Reviewing the changes an editor suggests will help you look more closely at what you’ve written. Oftentimes an editor might make a comment about something you might have caught on your own with a more focused reading, but that can be difficult.
Working with an editor is like an athlete working with a trainer. It's a learning experience that will sharpen your skill, make you a better writer, and help you write the best book possible.
What is your book about?
There are lots of things to consider before you start writing your book. One of the most important is answering the question: what is your book about?
It may seem obvious to you, but the real test is whether or not you can explain it to someone else—in just a sentence or two.
It's a good way, too, to help you focus your efforts and writing.
To answer the question, consider what you’re trying to accomplish with your book. Do you have insights and experience that might be helpful to others? Are you eager to share your knowledge? Is it a guide or handbook? Will your book recount the history of an event or company?
It can be difficult to distill what your book is about in one sentence, but the process can help you define what you're writing about ... and why.
What's the point?
When I started my book A Snail Mail Guide to Cursive Writing Practice, it started as a book about cursive writing. Why cursive? Schools across the country have cut cursive writing instruction from the curriculum and friends and family have recounted stories of their children not being able to read cursive.
Writing is an important part of my life and I wondered: does it matter that children aren't being taught cursive. That they can't read cursive? I think so.
Studies show writing by hand can help us learn and retain more information. And if we’re worried or struggling with something, writing about it by hand can help us make sense of things.
Making a connection
I decided to write an instruction book for cursive writing, but also understood I needed to give people a reason to write by hand. I had to find a reason for them to write.
The answer came through letter writing. As an avid letter writer, I know letters, cards and notes build connections. Letters can help us reach out, in a tangible way, to the people we care about. And someone’s handwriting on the envelope and letter inside? It brings them closer. Your handwriting is a reflection of your personality and is as unique as you are. It's part of what makes the letters we send so special. When I get letters, I don't even need to read the return address ... I know who it's from just by looking at the handwriting.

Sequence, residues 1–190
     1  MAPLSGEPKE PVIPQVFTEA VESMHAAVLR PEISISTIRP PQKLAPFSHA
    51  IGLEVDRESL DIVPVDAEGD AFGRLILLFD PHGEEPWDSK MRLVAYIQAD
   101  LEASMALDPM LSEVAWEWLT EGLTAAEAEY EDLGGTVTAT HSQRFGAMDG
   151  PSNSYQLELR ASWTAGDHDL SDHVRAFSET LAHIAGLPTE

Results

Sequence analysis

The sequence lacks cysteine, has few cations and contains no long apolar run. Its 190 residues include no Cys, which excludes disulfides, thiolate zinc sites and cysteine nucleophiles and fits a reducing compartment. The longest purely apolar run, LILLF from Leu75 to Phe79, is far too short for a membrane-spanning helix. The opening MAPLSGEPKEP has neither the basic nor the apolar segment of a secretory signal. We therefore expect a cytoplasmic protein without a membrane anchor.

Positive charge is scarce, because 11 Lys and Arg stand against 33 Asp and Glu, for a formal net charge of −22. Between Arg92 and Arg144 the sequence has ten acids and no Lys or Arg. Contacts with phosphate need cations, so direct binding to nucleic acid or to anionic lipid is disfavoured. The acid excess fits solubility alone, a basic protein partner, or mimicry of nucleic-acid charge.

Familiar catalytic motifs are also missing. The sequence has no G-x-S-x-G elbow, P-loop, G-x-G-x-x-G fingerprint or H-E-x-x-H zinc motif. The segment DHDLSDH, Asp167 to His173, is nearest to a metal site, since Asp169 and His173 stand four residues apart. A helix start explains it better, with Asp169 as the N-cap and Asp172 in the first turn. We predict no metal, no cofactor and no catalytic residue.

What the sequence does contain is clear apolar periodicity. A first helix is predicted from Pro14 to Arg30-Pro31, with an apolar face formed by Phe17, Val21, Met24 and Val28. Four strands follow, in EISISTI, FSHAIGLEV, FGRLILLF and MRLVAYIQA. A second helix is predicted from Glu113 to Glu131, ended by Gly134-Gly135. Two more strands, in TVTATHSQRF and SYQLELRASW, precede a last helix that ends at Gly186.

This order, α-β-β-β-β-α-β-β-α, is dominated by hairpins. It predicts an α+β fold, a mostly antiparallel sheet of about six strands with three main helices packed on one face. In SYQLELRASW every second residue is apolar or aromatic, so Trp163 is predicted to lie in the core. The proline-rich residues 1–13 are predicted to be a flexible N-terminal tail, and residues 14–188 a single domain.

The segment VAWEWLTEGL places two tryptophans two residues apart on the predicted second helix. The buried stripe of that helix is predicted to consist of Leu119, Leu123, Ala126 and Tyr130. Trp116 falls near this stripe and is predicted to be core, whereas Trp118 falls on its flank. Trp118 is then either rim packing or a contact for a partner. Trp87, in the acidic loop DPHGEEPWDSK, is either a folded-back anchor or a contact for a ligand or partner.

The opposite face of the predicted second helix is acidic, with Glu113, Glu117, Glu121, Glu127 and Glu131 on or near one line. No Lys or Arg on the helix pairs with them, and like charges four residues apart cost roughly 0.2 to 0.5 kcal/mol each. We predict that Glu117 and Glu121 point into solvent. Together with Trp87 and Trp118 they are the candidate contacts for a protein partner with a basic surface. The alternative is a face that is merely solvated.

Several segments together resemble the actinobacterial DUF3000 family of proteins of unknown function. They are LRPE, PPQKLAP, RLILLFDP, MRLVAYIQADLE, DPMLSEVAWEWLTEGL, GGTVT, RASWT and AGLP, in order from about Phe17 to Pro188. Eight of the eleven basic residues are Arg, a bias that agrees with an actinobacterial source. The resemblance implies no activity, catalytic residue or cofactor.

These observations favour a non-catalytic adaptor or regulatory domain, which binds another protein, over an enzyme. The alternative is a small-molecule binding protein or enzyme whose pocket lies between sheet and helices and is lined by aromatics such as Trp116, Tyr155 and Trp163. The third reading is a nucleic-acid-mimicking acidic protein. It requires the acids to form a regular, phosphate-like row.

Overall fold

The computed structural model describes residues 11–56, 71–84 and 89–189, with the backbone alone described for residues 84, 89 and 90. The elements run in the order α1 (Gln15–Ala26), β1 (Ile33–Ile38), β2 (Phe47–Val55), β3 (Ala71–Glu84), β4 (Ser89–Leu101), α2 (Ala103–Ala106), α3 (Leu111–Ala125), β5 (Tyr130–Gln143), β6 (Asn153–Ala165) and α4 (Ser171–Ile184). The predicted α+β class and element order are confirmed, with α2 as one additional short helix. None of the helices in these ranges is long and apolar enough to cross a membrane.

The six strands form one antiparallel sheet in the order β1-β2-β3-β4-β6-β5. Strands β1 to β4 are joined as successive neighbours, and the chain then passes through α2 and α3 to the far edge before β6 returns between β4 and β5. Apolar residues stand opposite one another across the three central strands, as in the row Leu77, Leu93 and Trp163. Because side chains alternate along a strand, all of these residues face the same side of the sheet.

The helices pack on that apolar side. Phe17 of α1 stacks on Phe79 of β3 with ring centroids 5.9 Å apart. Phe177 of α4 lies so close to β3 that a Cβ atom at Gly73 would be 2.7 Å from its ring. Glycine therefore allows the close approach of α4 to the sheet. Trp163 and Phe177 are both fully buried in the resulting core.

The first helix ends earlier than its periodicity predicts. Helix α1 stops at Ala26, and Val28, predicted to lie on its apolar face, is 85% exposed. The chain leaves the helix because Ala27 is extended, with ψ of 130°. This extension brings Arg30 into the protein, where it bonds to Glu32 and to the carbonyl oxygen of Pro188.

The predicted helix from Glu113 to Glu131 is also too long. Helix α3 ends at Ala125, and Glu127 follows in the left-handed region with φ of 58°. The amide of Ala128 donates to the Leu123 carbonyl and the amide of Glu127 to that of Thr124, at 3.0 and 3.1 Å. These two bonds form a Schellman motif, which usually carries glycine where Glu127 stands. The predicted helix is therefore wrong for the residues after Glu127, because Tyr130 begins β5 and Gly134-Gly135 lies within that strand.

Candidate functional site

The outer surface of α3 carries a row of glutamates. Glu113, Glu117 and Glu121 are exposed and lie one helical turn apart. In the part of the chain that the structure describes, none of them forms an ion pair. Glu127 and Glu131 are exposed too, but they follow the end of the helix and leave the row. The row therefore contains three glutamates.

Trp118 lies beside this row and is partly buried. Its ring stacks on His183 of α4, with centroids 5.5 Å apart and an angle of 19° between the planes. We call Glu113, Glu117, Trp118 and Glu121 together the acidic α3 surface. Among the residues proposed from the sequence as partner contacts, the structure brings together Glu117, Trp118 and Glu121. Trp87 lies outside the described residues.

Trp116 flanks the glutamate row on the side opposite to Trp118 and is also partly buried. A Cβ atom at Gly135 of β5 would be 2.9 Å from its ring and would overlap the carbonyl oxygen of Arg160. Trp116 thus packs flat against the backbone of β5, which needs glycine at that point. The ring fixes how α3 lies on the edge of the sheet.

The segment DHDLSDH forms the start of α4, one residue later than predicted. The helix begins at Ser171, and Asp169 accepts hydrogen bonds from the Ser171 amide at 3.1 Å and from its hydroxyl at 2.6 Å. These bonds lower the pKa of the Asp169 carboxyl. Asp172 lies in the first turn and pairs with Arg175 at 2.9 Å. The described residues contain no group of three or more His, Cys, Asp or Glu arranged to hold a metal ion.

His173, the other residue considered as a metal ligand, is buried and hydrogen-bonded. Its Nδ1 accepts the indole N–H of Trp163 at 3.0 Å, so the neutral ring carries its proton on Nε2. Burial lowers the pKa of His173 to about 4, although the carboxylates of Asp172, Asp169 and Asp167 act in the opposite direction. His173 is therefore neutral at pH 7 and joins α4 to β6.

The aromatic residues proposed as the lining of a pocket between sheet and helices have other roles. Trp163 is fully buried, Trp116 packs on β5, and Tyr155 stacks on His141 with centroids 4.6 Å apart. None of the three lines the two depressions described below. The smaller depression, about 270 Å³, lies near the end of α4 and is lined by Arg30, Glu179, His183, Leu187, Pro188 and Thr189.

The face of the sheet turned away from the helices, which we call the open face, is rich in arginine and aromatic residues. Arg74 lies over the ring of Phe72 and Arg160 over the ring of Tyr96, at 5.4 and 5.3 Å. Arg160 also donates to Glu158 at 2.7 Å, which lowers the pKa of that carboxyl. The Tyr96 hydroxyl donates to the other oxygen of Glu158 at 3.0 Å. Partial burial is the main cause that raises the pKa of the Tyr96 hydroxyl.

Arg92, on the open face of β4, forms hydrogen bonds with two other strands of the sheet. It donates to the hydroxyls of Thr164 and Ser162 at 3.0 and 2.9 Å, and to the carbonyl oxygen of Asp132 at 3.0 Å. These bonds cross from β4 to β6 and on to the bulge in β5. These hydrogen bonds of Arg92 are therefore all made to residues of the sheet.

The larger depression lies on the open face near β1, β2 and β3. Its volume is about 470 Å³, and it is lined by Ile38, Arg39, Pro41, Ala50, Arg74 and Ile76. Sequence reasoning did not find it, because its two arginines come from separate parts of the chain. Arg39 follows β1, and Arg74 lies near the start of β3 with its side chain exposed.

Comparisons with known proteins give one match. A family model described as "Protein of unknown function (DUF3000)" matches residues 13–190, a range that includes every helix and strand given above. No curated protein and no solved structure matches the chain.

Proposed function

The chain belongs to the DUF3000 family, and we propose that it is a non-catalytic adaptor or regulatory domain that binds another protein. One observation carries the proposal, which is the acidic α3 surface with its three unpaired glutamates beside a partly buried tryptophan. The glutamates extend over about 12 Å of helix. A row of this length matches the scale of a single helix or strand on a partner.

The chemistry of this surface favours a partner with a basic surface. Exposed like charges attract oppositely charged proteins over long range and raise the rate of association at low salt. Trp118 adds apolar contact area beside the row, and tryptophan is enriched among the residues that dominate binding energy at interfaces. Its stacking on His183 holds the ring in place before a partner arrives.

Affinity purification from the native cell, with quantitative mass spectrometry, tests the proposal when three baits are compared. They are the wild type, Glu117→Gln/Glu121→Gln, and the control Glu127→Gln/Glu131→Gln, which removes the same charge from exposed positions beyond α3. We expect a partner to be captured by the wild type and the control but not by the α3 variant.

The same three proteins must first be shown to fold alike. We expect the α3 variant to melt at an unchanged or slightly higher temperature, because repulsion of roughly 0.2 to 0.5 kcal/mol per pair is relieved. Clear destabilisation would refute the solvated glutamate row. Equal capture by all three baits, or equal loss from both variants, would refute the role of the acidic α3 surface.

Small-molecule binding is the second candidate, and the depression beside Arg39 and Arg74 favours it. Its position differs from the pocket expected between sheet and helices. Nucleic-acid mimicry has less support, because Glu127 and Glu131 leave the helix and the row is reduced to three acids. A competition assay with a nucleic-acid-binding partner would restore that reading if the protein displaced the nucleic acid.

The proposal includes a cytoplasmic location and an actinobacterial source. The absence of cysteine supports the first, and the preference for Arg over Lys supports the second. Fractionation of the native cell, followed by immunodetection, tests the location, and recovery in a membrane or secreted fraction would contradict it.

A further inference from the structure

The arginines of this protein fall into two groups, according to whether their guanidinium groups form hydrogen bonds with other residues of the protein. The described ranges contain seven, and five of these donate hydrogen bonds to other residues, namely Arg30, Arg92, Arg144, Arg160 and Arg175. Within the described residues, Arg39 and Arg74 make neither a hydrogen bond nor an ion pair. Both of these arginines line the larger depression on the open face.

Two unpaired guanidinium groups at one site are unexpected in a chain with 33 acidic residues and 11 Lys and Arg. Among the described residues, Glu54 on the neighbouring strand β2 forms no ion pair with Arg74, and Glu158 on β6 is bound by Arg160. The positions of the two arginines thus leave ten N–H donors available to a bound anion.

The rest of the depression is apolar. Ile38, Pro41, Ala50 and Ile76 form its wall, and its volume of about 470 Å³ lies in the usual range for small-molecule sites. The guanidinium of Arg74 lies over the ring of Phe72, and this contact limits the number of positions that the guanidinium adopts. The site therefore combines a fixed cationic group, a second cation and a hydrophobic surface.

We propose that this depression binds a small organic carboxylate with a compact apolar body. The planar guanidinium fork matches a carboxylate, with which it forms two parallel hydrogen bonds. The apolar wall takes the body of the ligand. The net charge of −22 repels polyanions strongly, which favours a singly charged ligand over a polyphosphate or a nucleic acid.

And now, as we navigate the isolation and social distancing of the pandemic, more people are writing letters.
Years ago my grandfather wrote to me and I saved one of his letters.
The broad stroke of the capital "H" that begins his first name reflects his strength and wisdom; the big loop on his letter "y" at the end of my name, his warmth and open kindness.
When I talk about writing letters, so many people tell me they worry about their handwriting. Say they’re embarrassed by it. I want to change that. I want people to use their handwriting as a tool, not to shy away from it.
I knew I wanted to write about cursive writing and letter writing, but I had to figure out what I was trying to say. I needed a hook, an emotional connection. Here's what I came up with:
Spend more time with the people you love and like and improve your handwriting at the same time.
Reducing your book to one sentence may be a challenge, but when you do, you’ll find the clarity and purpose you need to move forward.
Need help clarifying what your book is about? Reach out, maybe I can help.
Get your book started
One way to get your book underway is to create a mind map; a visual diagram of what your book will be about.
There are a number of ways to create a mind map.
We'll start with a circle and spoke diagram.
Draw a circle in the middle of a sheet of paper and write the working title of your book inside the circle. Draw three or more lines out from the edge of the circle; like spokes on a wheel.
At the end of each spoke, write a topic to be covered in your book. As you draw the spokes, be mindful that these are your main topics. The mind map below was an early version I did for my book, A Snail Mail Guide to Cursive Writing Practice. This mind map focused on illustrations and graphic elements. I went on to create other mind maps. This was a good start.
If you're feeling stuck or aren't even sure what you want to include in your book, start with a mind map. It serves two purposes:
It's productive - especially when you're struggling with your writing
You'll find clarity - the visual stye of a mind map can help you see things differently
Now it’s your turn. Grab a piece of paper, draw a circle and create a mind map for your book. And let me know how it goes.